September, 23

    US and Philippines strengthen military ties in Cope Thunder exercise

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    Cope Thunder 23-2, a Pacific Air Forces-sponsored exercise, will take place from July 2 to 21. The exercise will focus on expeditionary operations and will include approximately 225 service members from the United States and the Philippines. The exercise will be held at Clark Air Base, Mactan Air Base, and other airfields around the Philippines.

    Cope Thunder is a bilateral exercise that aims to improve the interoperability of the United States and the Philippines through fighter training. The exercise will allow the two countries to swap tactics, techniques, and procedures.

    Cope Thunder was first held in 1976 in the Philippines. However, in 1992, it was moved to Eielson Air Force Base and overtime renamed Red Flag Alaska. This will mark the first time Cope Thunder has been held in the Philippines since 1990.

    The exercise is a valuable opportunity for the United States and the Philippines to improve their military cooperation and exchange helpful tactics and will feature C-130 Hercules, A-10 Warthogs, and F-22 Raptors, taken from multiple participating units for the exercise.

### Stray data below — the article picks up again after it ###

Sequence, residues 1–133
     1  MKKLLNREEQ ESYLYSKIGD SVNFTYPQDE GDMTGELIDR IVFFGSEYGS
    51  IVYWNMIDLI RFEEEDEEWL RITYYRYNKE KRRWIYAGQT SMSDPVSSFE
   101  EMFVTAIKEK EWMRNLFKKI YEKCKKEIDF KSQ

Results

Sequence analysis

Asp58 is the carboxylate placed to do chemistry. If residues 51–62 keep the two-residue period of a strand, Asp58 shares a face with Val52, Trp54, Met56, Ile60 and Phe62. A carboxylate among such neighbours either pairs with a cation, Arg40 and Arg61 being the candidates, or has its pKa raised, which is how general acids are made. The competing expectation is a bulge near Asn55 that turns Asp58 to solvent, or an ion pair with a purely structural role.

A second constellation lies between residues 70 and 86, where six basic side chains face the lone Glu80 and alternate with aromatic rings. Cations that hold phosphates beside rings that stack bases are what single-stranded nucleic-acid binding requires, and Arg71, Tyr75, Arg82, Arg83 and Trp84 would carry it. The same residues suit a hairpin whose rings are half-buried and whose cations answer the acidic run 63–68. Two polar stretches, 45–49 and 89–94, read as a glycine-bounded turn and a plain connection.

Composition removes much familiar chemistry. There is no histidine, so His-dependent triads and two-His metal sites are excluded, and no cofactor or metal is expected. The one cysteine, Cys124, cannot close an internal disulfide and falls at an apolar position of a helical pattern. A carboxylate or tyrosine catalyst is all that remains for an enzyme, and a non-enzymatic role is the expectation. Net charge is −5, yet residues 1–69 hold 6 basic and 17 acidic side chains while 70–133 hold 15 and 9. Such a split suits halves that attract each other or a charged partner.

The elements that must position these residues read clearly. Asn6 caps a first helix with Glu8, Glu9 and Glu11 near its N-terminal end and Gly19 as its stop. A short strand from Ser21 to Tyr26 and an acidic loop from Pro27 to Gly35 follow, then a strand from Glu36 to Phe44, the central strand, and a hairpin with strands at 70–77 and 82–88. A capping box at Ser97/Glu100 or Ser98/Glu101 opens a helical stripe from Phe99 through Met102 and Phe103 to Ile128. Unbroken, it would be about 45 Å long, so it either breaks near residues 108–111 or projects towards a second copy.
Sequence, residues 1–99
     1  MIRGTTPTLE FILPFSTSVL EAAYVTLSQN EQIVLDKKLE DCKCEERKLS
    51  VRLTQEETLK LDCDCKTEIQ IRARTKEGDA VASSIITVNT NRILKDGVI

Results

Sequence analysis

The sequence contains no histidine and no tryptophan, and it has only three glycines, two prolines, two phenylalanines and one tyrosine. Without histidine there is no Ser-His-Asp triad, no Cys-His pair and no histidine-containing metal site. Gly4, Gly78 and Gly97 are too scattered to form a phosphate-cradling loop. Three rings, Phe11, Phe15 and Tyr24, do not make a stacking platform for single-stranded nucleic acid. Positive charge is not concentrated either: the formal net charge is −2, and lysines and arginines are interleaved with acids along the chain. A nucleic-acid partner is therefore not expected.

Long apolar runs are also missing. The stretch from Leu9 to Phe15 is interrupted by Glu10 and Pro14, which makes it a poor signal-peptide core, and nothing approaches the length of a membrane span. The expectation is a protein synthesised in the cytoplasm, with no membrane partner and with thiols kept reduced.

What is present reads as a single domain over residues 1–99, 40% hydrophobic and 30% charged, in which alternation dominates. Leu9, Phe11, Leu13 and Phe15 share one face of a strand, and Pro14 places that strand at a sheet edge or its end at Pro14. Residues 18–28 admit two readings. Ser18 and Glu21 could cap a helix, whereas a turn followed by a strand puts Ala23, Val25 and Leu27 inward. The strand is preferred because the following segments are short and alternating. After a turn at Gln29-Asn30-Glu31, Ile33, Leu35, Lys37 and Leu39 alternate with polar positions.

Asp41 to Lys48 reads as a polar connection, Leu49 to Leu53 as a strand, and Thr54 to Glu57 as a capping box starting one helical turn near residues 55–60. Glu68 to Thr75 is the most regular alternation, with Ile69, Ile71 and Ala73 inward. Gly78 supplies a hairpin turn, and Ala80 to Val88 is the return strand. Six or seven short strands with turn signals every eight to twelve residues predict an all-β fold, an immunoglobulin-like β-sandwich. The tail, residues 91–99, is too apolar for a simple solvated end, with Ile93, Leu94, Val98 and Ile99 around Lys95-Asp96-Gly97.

The aircraft on display include, but are not limited to those, and showcased a Philippine Air Force FA-50 performing a touch-and-go on July 5. On the same day, a U.S. Air Force F-22 Raptor from the Hawaiian Raptors Squadron, which is made up of the 19th and 199th Fighter Squadrons, landed at Clark Air Base in the Philippines to participate in exercise Cope Thunder 23-2.

    The overall goal of this exercise is to heighten our countries’ shared interests and strengthen the two nation’s military bonds. By working together and providing well-trained and equipped troops, the nation dissuades aggressors by demonstrating the military’s commitment to working together to ensure regional stability.

    Georgina DiNardo is an editorial fellow for Military Times and Defense News and a recent graduate of American University, specializing in journalism, psychology, and photography in Washington, D.C.

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